Rittel publishes The State of the Art in Design Methods. He argues that the early approaches of the 1960s were simplistic, and a new generation of methodologies are beginning to emerge in the 1970s. Rather than optimize through systematic methods, the second generation is about finding a satisfactory solution in which designers partner with clients, customers and users. This approach is probably more relevant to architecture and planning than engineering and industrial design.


This decade sees the development of engineering design methodology. An example is the series of International Conferences on Engineering Design. The American Society of Mechanical Engineers also launches a series of conferences on Design Theory and Methodology.

The evolution of the design thinking process. Source: Dam and Siang 2019.
The evolution of the design thinking process. Source: Dam and Siang 2019.

Nigel Cross discusses the problem-solving nature of designers in his seminal paper Designerly Ways of Knowing.


Peter Rowe, Director of Urban Design Programs at Harvard, publishes his book Design Thinking. This explores the underlying structure and focus of inquiry in design thinking.


IDEO, an international design and consulting firm, brings design thinking to the mainstream by developing their own customer-friendly technology.


  1. AIMET. 2017. "Getting to grips with Design Thinking." Blog, Australian Institute of Management Education and Training Pty Limited, October 03. Accessed 2019-07-27.
  2. Arab, A. 2023. "From Ideas to Innovation: How Design Thinking Can Drive Business Success." New Metrics, May 19. Accessed 2024-01-05.
  3. Brunetto, Sebastian Kummetz. 2018. "When to use Design Thinking and when NOT to?" Medium, April 2. Accessed 2019-06-17.
  4. Butler, B. 2019. "Designing for Change: Communities and Capital." Federal Reserve Bank of St. Louis, March 19. Accessed 2024-01-05.
  5. Cross, N. 1993. "A History of Design Methodology." In: M. J. de Vries et aL (eds.), Design Methcdology and Relationships with Science, Kluwer Academic Publishers, pp. 15-27. Accessed 2020-07-31.
  6. Cserti, R. 2019. "20 Best Online Tools for Design Thinking." Blog, SessionLab, March 19. Accessed 2024-01-05.
  7. Dam, Rikke and Teo Siang. 2018. "5 Stages in the Design Thinking Process." Interaction Design Foundation, November 30. Accessed 2019-07-01.
  8. Dam, Rikke and Teo Siang. 2018b. "Design Thinking: New Innovative Thinking for New Problems." Interaction Design Foundation, December 30. Accessed 2019-07-27.
  9. Dam, Rikke and Teo Siang. 2019. "Stage 4 in the Design Thinking Process: Prototype." Interaction Design Foundation, May 18. Accessed 2019-05-31.
  10. Dam, Rikke and Teo Siang. 2019b. "Design Thinking: Get a Quick Overview of the History" Interaction Design Foundation, July 3. Accessed 2019-07-15
  11. Dam, Rikke Friis and Teo Yu Siang. 2019c. "Test Your Prototypes: How to Gather Feedback and Maximise Learning." Interaction Design Foundation, August 1. Accessed 2020-07-31.
  12. Humble, Jeff. 2018. "What Is Design Thinking? An Expert Explains." CareerFoundry, via YouTube, October 11. Accessed 2019-06-17.
  13. IDEO. 2018. "What’s the difference between human-centered design and design thinking?" FAQ, IDEO, December 13. Updated 2021-05-03. Accessed 2024-01-03.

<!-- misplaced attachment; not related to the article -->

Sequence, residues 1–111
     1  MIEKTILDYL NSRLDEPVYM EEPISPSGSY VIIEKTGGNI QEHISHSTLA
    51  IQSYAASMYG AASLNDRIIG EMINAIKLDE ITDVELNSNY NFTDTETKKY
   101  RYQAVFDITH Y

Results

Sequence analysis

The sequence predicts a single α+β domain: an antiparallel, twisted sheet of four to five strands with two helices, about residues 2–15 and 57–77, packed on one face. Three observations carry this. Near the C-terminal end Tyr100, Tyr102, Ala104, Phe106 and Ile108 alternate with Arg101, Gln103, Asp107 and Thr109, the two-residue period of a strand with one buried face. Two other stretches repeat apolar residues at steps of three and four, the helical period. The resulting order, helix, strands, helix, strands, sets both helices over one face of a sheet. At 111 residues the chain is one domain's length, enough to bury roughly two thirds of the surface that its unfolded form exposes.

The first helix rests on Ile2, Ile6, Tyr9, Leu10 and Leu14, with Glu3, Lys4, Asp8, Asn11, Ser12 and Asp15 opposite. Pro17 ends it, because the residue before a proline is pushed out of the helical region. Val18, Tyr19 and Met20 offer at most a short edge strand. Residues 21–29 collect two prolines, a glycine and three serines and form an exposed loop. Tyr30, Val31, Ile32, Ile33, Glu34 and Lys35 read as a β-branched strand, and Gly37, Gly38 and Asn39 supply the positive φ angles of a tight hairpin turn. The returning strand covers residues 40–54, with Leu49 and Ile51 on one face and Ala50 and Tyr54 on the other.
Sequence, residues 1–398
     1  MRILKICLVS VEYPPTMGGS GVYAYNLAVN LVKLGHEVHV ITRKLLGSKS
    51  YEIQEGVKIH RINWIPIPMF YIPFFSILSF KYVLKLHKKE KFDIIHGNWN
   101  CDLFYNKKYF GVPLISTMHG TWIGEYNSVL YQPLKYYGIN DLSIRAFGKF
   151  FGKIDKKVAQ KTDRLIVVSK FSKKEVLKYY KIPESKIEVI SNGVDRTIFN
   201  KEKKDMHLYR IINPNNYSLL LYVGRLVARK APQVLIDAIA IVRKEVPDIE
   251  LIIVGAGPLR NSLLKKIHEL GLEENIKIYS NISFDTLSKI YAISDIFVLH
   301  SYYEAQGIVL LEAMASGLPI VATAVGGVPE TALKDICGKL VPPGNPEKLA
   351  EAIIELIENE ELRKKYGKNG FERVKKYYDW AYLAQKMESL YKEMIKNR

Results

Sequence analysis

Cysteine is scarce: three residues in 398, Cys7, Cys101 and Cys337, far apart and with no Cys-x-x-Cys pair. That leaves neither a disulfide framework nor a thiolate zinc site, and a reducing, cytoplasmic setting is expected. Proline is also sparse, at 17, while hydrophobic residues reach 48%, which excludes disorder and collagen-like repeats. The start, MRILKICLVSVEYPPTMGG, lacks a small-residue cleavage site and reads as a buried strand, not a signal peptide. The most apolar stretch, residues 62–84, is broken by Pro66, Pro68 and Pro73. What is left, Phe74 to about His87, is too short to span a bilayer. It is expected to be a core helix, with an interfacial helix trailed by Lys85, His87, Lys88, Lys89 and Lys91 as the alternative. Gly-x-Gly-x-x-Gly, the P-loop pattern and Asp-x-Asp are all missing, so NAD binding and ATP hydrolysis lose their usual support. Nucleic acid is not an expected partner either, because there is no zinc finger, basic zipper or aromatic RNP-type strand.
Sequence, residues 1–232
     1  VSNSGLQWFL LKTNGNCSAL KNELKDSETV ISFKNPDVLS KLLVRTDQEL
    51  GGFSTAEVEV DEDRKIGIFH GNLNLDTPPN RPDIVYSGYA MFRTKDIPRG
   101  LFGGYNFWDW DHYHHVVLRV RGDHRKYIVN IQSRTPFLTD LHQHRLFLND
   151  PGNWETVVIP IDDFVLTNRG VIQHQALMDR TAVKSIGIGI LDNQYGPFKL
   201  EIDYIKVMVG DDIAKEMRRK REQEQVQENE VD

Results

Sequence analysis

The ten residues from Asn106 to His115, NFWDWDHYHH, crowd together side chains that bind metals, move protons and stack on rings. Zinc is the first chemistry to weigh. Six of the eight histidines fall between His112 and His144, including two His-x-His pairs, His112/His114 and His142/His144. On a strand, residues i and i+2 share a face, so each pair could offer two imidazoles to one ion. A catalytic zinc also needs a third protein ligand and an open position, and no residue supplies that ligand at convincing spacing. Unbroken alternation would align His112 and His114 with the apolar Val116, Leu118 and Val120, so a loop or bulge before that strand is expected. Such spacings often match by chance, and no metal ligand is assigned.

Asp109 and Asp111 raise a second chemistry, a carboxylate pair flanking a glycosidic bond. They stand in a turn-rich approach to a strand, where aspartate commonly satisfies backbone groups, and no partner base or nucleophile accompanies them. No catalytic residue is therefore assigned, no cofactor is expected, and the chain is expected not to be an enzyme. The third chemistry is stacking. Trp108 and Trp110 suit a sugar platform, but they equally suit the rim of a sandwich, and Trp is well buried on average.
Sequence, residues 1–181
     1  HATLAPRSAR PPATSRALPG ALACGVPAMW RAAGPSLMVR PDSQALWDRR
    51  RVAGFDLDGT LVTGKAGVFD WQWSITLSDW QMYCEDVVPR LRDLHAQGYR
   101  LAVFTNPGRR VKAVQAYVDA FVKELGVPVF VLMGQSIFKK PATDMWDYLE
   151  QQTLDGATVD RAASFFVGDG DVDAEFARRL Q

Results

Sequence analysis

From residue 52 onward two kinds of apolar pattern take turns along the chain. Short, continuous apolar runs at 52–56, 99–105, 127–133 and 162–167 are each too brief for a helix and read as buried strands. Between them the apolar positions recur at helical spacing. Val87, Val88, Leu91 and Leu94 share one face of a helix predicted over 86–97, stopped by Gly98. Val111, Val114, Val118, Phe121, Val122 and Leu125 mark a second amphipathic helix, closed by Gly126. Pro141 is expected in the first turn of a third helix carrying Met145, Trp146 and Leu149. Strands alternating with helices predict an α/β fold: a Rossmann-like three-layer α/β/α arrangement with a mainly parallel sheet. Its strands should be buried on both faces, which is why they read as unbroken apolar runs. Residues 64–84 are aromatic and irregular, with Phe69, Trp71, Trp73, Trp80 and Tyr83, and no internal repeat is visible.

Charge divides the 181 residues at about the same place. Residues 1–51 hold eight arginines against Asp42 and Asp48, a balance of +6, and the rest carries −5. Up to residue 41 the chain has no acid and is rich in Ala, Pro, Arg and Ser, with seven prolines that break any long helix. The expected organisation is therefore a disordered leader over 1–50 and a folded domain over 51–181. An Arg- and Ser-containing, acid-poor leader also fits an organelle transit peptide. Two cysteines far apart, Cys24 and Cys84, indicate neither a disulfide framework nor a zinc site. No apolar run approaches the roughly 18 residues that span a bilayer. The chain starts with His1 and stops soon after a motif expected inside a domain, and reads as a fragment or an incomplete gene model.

14. Interaction Design Foundation. 2016. "User Centered Design." Interaction Design Foundation, June 5. Updated 2023-10-27. Accessed 2024-01-03.
  15. Kelly, Braden and Adam Radziszewski. 2019. "8 Design Thinking Problems and How to Fix Them." Accessed 2019-07-27.
  16. Lake, F. 2016. "Human Centred Design vs Design Thinking vs Service Design vs UX …. What do they all mean?" LinkedIn Pulse, June 8. Accessed 2024-01-03.
  17. MJV. 2022. "Design Thinking Tools: how to use them to solve complex problems." Blog, MJV Technology and Innovation, January 6. Accessed 2024-01-05.
  18. McConell, Ivana. 2015. "How to Use Prototypes to Inspire the Right Feedback." Blog, UxPin, March 3. Updated 2020-04-22. Accessed 2020-07-31.
  19. Moreira, Matina. 2017. "Design Thinking: Finding the Problem." Medium, December 5. Accessed 2019-07-01
  20. Powell, Doug. 2018. "The Business Value of Design Thinking." IBM Think Blog, March 8. Accessed 2019-06-13.
  21. Spencer, John. 2017. "Benefits of Design Thinking." Flickr, May 2. Accessed 2019-06-17.
  22. Stevens, Emily. 2019. "What Is Design Thinking? A Comprehensive Beginner's Guide." Blog, CareerFoundry May 16. Accessed 2019-06-13.
  23. Think Design & Convert. 2018. "Design Thinking Process." Think Design & Convert, March. Accessed 2019-07-27.
  24. UID. 2016. "Design Thinking – new old creativity." UID GmbH, March 3. Updated 2022-09-05. Accessed 2024-01-03.
  25. Wahl, Daniel Christian. 2017. "Facing Complexity: Wicked Design Problems." Age of Awareness, via Medium, April 29. Accessed 2019-07-27.
  26. Wikipedia. 2020. "Design thinking." Wikipedia, July 29. Accessed 2020-07-31.
  27. Yoshida, Takeshi. 2018. "Try Design Thinking + Scrum." Medium, September 19. Accessed 2019-07-27.

Further Reading

  1. The Sciences of the Artificial 3rd edition by Herbert A. Simon
  2. Creative Engineering by John E Arnold
  3. What Is Design Thinking? A Comprehensive Beginner's Guide
  4. Designerly ways of knowing - Nigel Cross
  5. Design Thinking - Peter Rowe
  6. Lawson, Bryan. 1990. "How Designers Think – The Design Process Demystified." Second Edition, ScienceDirect. Accessed 2019-06-13.

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Devopedia. 2024. "Design Thinking." Version 9, January 5. Accessed 2024-06-25.
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Last updated on
2024-01-05 09:09:43